Believe it or not, a lot of intelligent people honestly do believe that abortion results in the death of innocent human beings and see gay marriage as a possibly fatal blow to an already tottering institution of marriage.
And I basically agree with them. But they do virtually nothing other than propose legislation and refuse to address underlying issues that turn them into hot potatoes. Three years ago I even wrote an op-ed about “gay marriage” in my newspaper — I referred to it as the logical outcome of our romance-based marriage culture, which I consider the real culprit in the cheapening of marriage — and one guy I knew said that he didn’t recognize it as being written by a Christian. In other words, there’s no real thoughtfulness and depth to their convictions; they just react.



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Payshun

posted July 6, 2007 at 8:01 pm


To date, gay marriage is a winning issue for Republicans, which means that the majority is opposed to it.
Yah if you over 40, white and live in the midwest.
Among the younger set that is not really true and eventually all those older folks will die off.
I agree Rick there is very little depth. But I see this problem everywhere in America whether they be conservative black church goers or almost anyone that claims evangelicalism as a base for their beliefs.
p



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moderatelad

posted July 6, 2007 at 8:50 pm


There are some wonderful Episcopal congregations out there that are bible based and Christ centered. I believe that the Episcopal church in the next few years will be going through a transformation that will ultimatly lead to a split in the denomination. This will not be a bad thing…just something that has to happen. When a denomination has leaders that are seperating from the orthodox message of the Bible, the person in the pew has a few decisions to make. Some personal and some corporately as a congregation. We see this happening in the Prespertian and Lutheran churches. I know that some are greatly grieved by this, and it is sad. I look at it as a progression that we have to go through and that our focus has to be on an Almighty God and His Son our Savior. I also believe that some will make decisions that they believe are what should be done and others will make a correct decision. In the end I believe that God will reviel Himself is ways that will make it plane and will gather his children to Himself regardless of the decisions they make today. I believe that He will give His children time to access where they are and where they need to be, for it is His desire that none should perish.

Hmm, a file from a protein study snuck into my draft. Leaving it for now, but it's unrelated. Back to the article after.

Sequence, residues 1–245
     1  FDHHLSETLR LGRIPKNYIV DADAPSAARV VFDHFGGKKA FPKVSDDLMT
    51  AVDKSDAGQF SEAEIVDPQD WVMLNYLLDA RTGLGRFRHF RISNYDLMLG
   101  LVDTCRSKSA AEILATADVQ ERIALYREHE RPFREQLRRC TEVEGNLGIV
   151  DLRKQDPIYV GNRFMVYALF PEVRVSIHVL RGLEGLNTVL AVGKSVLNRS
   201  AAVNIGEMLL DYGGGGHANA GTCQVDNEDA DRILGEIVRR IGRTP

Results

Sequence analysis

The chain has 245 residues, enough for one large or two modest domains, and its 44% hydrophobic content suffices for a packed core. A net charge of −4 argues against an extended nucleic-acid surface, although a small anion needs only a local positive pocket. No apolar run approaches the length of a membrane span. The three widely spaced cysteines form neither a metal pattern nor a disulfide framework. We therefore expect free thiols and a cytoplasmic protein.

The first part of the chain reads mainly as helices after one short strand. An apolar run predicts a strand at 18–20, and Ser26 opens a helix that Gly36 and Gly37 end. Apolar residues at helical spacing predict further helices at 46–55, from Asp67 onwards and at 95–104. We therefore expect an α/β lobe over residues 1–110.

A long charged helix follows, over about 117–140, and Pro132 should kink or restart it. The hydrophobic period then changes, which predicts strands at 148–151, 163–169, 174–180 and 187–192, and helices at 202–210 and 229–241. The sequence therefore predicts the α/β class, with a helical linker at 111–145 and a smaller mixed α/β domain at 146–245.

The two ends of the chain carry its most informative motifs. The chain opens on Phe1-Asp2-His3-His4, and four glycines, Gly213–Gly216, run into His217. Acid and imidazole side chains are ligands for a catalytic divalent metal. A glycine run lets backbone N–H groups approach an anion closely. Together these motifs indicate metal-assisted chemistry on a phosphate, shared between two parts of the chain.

Blessings everyone!
.



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jesse

posted July 6, 2007 at 9:12 pm


Rick said “and one guy I knew said that he didn’t recognize it as being written by a Christian. In other words, there’s no real thoughtfulness and depth to their convictions; they just react.”
–Rick, this is why I find it difficult to engage with you in this forum. You take one thing one conservative said and use it to smear all people (Christians included) to the right of you. Most of us here are not interested in proving who is more righteous or whether liberals are bad and conservatives are good…we’re here to debate policy. I believe there are lots of decent left-leaning people who want to help people and believe the policies they support do so…you apparently cannot allow yourself to believe the same about any conservative.
Honestly, your constant insults against conservative Christians prove nothing but your own judgmentalism.



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kevin s.

posted July 6, 2007 at 10:05 pm


“Yah if you over 40, white and live in the midwest.
Among the younger set that is not really true and eventually all those older folks will die off.”
You seem pretty excited about that Agreed, 24 year old trust fund babies in Central Park are more likely to support gay marriage. But many young folks will get more conservative as they get older. At any rate, your statement implied that only very conservative Christians oppose gay marriage. That is not the case.